OAKLAND — Parents who have been arguing against a new learning system in Regional School Unit 18 for months have taken their opposition to a new level by starting a petition drive to demonstrate support for their cause.

Organizers of the drive say the petitions will be presented to the school board to protest a system that is in place in the district’s elementary schools and middle school and will move into the high school next year.

Erika Russell, of Sidney, whose son attends Messalonskee Middle School, has publicly expressed concerns since last year, when she first heard about the district’s ongoing plan to use the system, mass customized learning.

Sometimes called standards-based, performance-based, or proficiency based learning, the education system does away with many traditional school elements, such as grouping students into classrooms by age, or giving letter grades based on the percentage of academic material they have learned.

Under the new system, students are given a series of skills, or proficiencies, to master. Only after demonstrating mastery of one skill, such as addition, do they move onto the next, which might be subtraction. Instead of learning alongside students in their age range, they learn alongside students who share the same level of understanding of a topic.

Russell and a group of other parents oppose the system, citing inconsistencies in grading, difficulty finding meaning in their students’ progress reports, and a dislike of the way that elementary students are passed among a group of teachers, rather than just having a single primary instructor.

In recent weeks, Russell said, those who are opposed to the curriculum have gained support.

On Tuesday, when residents came out to vote on the district’s budget in its five towns of Belgrade, China, Oakland, Rome and Sidney, Russell sat at a table, collecting petition signatures.

She said the majority of the people who walked by while she was there signed the petition.

Russell is one of a handful of parents and a couple of their children who have been gathering signatures.

The petition, which Russell said has gathered about 150 signatures from adults and about 150 from students, says, “By signing this petition you support ceasing the implementation of MCL and support further discussion related to the impact of this curriculum on the students and teachers of RSU 18.”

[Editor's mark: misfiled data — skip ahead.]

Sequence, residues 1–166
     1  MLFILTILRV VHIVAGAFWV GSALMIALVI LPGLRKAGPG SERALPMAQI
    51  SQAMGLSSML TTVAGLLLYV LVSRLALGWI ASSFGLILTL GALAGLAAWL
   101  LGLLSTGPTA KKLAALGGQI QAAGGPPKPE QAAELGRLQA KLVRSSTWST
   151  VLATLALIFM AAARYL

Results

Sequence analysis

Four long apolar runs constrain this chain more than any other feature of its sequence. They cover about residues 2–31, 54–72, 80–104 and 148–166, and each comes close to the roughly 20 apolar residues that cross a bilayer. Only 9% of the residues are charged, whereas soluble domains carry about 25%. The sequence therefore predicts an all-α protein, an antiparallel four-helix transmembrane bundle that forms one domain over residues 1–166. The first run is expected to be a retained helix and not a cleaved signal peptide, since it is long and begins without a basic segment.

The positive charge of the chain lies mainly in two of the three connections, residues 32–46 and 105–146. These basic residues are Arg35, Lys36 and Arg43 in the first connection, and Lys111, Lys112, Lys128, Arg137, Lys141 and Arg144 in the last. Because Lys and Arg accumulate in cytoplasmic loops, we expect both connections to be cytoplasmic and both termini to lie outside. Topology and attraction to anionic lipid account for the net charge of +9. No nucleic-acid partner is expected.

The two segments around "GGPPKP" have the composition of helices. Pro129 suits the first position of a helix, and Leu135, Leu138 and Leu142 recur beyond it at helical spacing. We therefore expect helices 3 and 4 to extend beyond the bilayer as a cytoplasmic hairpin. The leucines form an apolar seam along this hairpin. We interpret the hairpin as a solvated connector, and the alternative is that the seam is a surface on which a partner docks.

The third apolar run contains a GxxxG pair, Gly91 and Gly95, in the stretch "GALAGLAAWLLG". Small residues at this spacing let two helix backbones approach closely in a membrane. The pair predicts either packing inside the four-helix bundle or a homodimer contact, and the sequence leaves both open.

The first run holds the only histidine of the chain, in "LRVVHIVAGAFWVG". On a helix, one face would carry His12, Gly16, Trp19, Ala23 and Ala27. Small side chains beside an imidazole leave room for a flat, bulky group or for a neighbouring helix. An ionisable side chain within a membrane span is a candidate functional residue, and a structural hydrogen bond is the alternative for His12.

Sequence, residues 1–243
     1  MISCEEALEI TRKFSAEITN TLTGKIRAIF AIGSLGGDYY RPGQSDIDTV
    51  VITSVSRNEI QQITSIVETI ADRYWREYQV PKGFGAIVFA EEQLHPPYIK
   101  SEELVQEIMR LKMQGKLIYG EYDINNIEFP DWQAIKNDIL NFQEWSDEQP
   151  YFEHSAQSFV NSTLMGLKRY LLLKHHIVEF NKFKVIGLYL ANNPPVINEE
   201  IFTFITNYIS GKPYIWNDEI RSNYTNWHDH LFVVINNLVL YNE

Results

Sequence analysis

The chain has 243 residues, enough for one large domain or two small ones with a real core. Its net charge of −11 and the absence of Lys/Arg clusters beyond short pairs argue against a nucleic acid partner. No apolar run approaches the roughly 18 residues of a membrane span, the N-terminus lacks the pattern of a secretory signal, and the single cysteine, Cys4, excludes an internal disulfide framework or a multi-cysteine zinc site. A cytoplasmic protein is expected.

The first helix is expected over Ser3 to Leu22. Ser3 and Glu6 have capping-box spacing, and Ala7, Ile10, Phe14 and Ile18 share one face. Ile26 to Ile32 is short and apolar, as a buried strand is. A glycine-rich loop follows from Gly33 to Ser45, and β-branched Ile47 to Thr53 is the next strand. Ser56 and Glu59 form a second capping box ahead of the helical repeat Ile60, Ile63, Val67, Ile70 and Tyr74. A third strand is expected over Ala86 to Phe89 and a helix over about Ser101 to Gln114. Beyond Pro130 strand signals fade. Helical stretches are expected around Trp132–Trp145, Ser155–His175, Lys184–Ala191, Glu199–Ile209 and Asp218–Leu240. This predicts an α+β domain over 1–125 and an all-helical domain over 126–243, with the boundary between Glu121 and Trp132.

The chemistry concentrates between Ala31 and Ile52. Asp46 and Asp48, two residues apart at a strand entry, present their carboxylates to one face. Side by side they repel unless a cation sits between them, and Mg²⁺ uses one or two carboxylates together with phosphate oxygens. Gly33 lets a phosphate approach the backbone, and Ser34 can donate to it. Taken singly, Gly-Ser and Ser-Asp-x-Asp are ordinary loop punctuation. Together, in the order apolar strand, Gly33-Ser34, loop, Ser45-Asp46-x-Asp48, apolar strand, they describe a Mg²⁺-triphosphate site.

The number of signatures is a small percentage of the 13,830 registered voters and about 3,100 students in the district, but Russell said the effort has only been going on for a few days.

Other signs that dissatisfaction with the learning system extends beyond Russell and her friends include attendance at a recent meeting to discuss the issue, which Russell said drew more than 80 concerned people. The group also maintains a Facebook page with 600 members, although those members are not necessarily from the community or opposed to the system.

Russell and the other organizers have begun gathering letters from parents, fact sheets, and other documentation they plan to present with the petition to the school board. Russell said she has submitted a written request to the district for a special meeting of the board to distribute the packets.

“It warrants a special meeting, with so many concerned parents,” she said. “Then the board can’t limit it to 10 minutes.”

Regional School Unit 18 isn’t the only district moving toward a new education system.

Mass customized learning is the school district’s response to a new set of national Common Core Standards, which have been adopted by 44 states, including Maine.

The Maine Cohort for Customized Learning, which was formed to develop curriculum that meets the new standards, has 12 member school districts that teach more than 25,000, or 13.6 percent, of Maine’s students, according to statistics from Maine’s Department of Education.

State education leaders have said they hope to see full implementation of systems such as mass customized learning at Maine’s public schools within the next 10 years.

Regional School Unit 18 is one of six districts in Maine that received state funding, beginning in 2009, to pursue the learning system.

The others were Farmingdale-based Regional School Unit 2, Gray-based Regional School Unit 15, Jackman-based Regional School Unit 82, the Milford School District, and Waterboro-based Regional School Unit 57.

All of those districts are in the cohort, as are the Auburn school system, Belfast-based Regional School Unit 20 , the Sanford school system, and Unity-based Regional School Unit 3.

Matt Hongoltz-Hetling — 861-9287
[email protected]

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